WFP in Cox’s Bazar | Information Booklet, Overview of Programmes, Cross-Cutting Issues and Common Services (February 2020)

Context: Where are we?

Over hundreds and thousands of Rohingyas have arrived in Bangladesh, following violent incidents in 1978, 1991 – 1992, and again in 2016. The largest and most rapid Rohingya refugee influx was triggered in August 2017. In a matter of weeks, over 745,000 fled Myanmar – including more than 400,000 children – bringing the current camp population to more than 855,000. Compounding matters further, Cox’s Bazar is situated in the southern ‘cyclone belt’ of Bangladesh, remaining extremely vulnerable to natural disasters, including cyclones and floods, which has had negative impacts on the refugee population and host community’s food security and livelihoods status. The 2017 influx has considerably increased pressure on the already scarce resources in Cox’s Bazar district, one of the poorest and most vulnerable districts in Bangladesh. Undernutrition and food insecurity are at crisis levels, with poverty well above the national average.

WFP Response

Since the start of the crisis, WFP has rapidly responded to the immediate needs and necessities of the population with integrated food and nutrition assistance to over 855,000 refugees, alongside facilitating essential shared services (logistics and emergency telecommunications). Currently, WFP assists the refugees with blanket assistance which is complemented with life-skills training, disaster mitigation activities and common engineering services. Alongside, over 300,000 host population is supported with a range of diverse services including livelihoods, integrated nutrition and risk mitigation. As the Rohingya crisis continues, WFP will continue to emphasize on the humanitarian-development nexus taking into consideration the critical needs of the host community.

Source: World Food Programme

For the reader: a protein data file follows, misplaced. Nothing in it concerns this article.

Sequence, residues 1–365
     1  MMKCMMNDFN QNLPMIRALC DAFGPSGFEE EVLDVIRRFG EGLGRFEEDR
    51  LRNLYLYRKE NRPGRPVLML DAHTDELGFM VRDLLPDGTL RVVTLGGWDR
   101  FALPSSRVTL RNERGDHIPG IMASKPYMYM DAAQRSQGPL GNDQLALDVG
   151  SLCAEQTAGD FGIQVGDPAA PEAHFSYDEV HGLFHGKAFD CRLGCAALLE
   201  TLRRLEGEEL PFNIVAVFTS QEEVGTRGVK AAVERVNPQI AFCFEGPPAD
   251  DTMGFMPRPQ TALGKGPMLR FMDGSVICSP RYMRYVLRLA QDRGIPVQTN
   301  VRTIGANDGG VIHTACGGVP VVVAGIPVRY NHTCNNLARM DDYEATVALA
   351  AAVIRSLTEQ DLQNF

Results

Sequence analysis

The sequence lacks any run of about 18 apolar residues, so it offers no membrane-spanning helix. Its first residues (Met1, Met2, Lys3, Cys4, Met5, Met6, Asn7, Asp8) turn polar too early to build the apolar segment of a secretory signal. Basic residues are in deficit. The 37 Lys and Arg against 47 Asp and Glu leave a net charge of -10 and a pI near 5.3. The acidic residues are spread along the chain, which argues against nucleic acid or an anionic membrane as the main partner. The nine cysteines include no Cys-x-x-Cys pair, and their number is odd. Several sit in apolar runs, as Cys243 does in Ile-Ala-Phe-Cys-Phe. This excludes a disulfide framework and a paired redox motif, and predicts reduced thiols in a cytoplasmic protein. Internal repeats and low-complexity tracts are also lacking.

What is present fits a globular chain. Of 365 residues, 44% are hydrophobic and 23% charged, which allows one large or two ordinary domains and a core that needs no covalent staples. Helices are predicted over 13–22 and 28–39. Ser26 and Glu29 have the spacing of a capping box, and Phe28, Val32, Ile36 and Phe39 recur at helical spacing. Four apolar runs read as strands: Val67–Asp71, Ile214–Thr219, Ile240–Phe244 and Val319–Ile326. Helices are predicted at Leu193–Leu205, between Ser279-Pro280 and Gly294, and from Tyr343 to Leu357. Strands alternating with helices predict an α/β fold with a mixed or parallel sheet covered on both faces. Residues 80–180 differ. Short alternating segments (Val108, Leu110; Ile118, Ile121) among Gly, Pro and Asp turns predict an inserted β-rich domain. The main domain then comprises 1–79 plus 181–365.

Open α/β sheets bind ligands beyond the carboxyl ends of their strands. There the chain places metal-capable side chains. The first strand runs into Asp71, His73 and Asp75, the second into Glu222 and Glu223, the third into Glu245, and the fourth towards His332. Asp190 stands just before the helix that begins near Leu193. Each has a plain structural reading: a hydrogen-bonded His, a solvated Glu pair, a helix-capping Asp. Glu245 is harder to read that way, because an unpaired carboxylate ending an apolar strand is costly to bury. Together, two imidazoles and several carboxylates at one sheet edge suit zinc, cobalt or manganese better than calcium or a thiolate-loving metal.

Context: Where are we?

Over hundreds and thousands of Rohingyas have arrived in Bangladesh, following violent incidents in 1978, 1991 – 1992, and again in 2016. The largest and most rapid Rohingya refugee influx was triggered in August 2017. In a matter of weeks, over 745,000 fled Myanmar – including more than 400,000 children – bringing the current camp population to more than 855,000. Compounding matters further, Cox’s Bazar is situated in the southern ‘cyclone belt’ of Bangladesh, remaining extremely vulnerable to natural disasters, including cyclones and floods, which has had negative impacts on the refugee population and host community’s food security and livelihoods status. The 2017 influx has considerably increased pressure on the already scarce resources in Cox’s Bazar district, one of the poorest and most vulnerable districts in Bangladesh. Undernutrition and food insecurity are at crisis levels, with poverty well above the national average.

WFP Response

Since the start of the crisis, WFP has rapidly responded to the immediate needs and necessities of the population with integrated food and nutrition assistance to over 855,000 refugees, alongside facilitating essential shared services (logistics and emergency telecommunications). Currently, WFP assists the refugees with blanket assistance which is complemented with life-skills training, disaster mitigation activities and common engineering services. Alongside, over 300,000 host population is supported with a range of diverse services including livelihoods, integrated nutrition and risk mitigation. As the Rohingya crisis continues, WFP will continue to emphasize on the humanitarian-development nexus taking into consideration the critical needs of the host community.

Source: World Food Programme